Magnetic resonance imaging (MRI) arthrography may be performed in addition to CT scanning to assess the labrum and the status of the capsule.
A glenoid bone defect involving >21% of the glenoid width substantially decreases the force required to subluxate the humeral head in an abducted and externally rotated position7. Gerber and Nyffeler demonstrated that a loss of more than half of the anteroposterior diameter of the inferior portion of the glenoid decreases the resistance to anterior dislocation by >30%21. In another biomechanical study, Allain et al. compared the results of anterior translational testing under four different conditions: (1) anteroinferior capsulotomy, (2) anteroinferior glenoid defect, (3) transplantation of a contoured bone graft, and (4) the Latarjet procedure11. The Latarjet procedure increased glenohumeral stability by 350% and demonstrated maximum effectiveness in the 60° abducted and 30° externally rotated positions. In comparison, a transplanted structural bone graft restored stability by 179% and had the lowest effect in external rotation at 60° of abduction. Through sequential loading of muscles and tendons in cadaveric specimens, Halder et al. tested the effect of the dynamic contribution of the conjoined tendon in inhibiting anteroinferior translation of the humeral head and found that the conjoined tendon had the capability to translate the humeral head superiorly38. This finding is similar to those reported by Jiang et al., who also found that the transfer of the conjoined tendon along with the coracoid provided a substantial stabilizing effect on shoulder stability37.
Malpositioning or non-optimal positioning of the glenoid bone block has been recognized as a source of arthritis and shoulder pain18. The effect of malpositioned bone blocks (either proud or recessed) on glenohumeral contact pressures was evaluated by Ghodadra et al. in a study of cadaveric shoulders39. The authors found that glenohumeral contact pressure was optimally restored with a flush bone block. Bone grafts that were placed 2 mm proud increased peak pressure in the anteroinferior quadrant as well as the contact pressure in the posterosuperior quadrant of the glenoid. Grafts placed in a 2-mm-recessed position led to increased pressure and edge-loading in the anteroinferior quadrant. Also, the inferior surface of the coracoid process provided greater surface area and increased congruity with the native glenoid than the lateral surface did.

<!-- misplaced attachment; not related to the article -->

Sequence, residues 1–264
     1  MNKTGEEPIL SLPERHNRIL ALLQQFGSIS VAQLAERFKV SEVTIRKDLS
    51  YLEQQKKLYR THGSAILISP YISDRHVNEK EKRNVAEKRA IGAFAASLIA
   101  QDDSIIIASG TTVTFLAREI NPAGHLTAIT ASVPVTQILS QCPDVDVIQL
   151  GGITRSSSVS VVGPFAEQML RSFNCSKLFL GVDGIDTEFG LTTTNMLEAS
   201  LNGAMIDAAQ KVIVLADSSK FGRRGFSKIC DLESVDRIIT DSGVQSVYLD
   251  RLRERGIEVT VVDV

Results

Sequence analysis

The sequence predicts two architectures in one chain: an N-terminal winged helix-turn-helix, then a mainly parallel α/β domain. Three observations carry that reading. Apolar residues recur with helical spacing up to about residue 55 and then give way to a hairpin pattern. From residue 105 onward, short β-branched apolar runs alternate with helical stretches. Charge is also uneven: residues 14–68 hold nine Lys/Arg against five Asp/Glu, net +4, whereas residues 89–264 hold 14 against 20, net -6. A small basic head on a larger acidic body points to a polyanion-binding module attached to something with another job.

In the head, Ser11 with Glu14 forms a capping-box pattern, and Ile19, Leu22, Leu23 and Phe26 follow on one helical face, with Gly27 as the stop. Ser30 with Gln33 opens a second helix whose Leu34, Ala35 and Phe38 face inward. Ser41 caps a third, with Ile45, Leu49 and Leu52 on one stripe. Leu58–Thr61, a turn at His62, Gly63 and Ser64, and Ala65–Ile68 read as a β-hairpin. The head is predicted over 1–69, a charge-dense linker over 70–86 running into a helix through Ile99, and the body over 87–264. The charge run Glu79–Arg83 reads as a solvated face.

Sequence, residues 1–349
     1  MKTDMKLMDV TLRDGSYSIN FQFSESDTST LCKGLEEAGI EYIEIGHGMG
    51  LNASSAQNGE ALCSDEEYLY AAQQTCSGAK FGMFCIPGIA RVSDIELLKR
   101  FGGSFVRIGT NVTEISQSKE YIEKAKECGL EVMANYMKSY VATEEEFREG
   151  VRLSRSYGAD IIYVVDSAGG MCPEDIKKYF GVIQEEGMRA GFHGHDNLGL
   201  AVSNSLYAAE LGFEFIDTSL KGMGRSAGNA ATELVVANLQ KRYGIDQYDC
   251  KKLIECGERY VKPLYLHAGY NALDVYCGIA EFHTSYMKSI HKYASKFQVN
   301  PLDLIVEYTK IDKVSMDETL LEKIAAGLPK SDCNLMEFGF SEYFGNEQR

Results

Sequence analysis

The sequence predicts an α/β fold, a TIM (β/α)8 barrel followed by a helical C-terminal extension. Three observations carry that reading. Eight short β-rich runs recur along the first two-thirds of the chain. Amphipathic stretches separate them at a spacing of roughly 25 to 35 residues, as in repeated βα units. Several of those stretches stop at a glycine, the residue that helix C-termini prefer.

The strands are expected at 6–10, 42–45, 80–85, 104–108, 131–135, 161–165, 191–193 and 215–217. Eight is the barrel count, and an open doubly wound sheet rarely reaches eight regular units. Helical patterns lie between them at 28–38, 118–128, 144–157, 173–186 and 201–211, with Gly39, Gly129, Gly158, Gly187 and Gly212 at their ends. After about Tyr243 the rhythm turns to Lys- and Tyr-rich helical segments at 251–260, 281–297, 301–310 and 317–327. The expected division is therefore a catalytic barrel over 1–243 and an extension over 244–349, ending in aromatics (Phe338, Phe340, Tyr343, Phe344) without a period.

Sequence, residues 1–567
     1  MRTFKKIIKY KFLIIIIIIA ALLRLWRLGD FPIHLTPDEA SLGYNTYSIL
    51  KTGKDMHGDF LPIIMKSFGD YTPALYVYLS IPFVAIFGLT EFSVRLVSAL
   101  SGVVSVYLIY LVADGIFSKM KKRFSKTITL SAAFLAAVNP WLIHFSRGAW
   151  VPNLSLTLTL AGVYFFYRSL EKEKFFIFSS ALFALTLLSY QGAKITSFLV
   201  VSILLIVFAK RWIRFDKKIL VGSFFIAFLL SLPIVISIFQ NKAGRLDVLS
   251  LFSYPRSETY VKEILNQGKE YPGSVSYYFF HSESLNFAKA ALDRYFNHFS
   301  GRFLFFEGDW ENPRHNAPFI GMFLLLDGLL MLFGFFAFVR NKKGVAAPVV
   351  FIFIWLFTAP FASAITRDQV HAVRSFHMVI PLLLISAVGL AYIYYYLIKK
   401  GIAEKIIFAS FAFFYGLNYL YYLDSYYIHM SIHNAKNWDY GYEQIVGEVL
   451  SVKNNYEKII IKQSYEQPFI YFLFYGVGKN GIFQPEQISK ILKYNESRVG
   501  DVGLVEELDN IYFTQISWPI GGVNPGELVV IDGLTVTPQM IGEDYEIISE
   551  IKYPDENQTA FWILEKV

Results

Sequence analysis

Technique for Open Latarjet Procedure
The patient is placed in the beach-chair position with a towel roll under the scapula. The deltopectoral approach is used to expose the coracoid process. The coracoacromial ligament, the trapezoid ligament, the pectoralis minor tendon, and the conjoined tendon are identified (Fig. 3). The pectoralis minor tendon is released on the lateral edge of the coracoid process. The coracoacromial ligament is released on the medial side, 1 cm from its attachment on the coracoid; this ligament will be sutured to the capsule later in the procedure. A Hohmann retractor is placed over the superior portion of the coracoid to expose the trapezoid ligament. The osteotomy is initiated distal to this ligament with a saw and is completed with use of an osteotome or a saw (Fig. 4).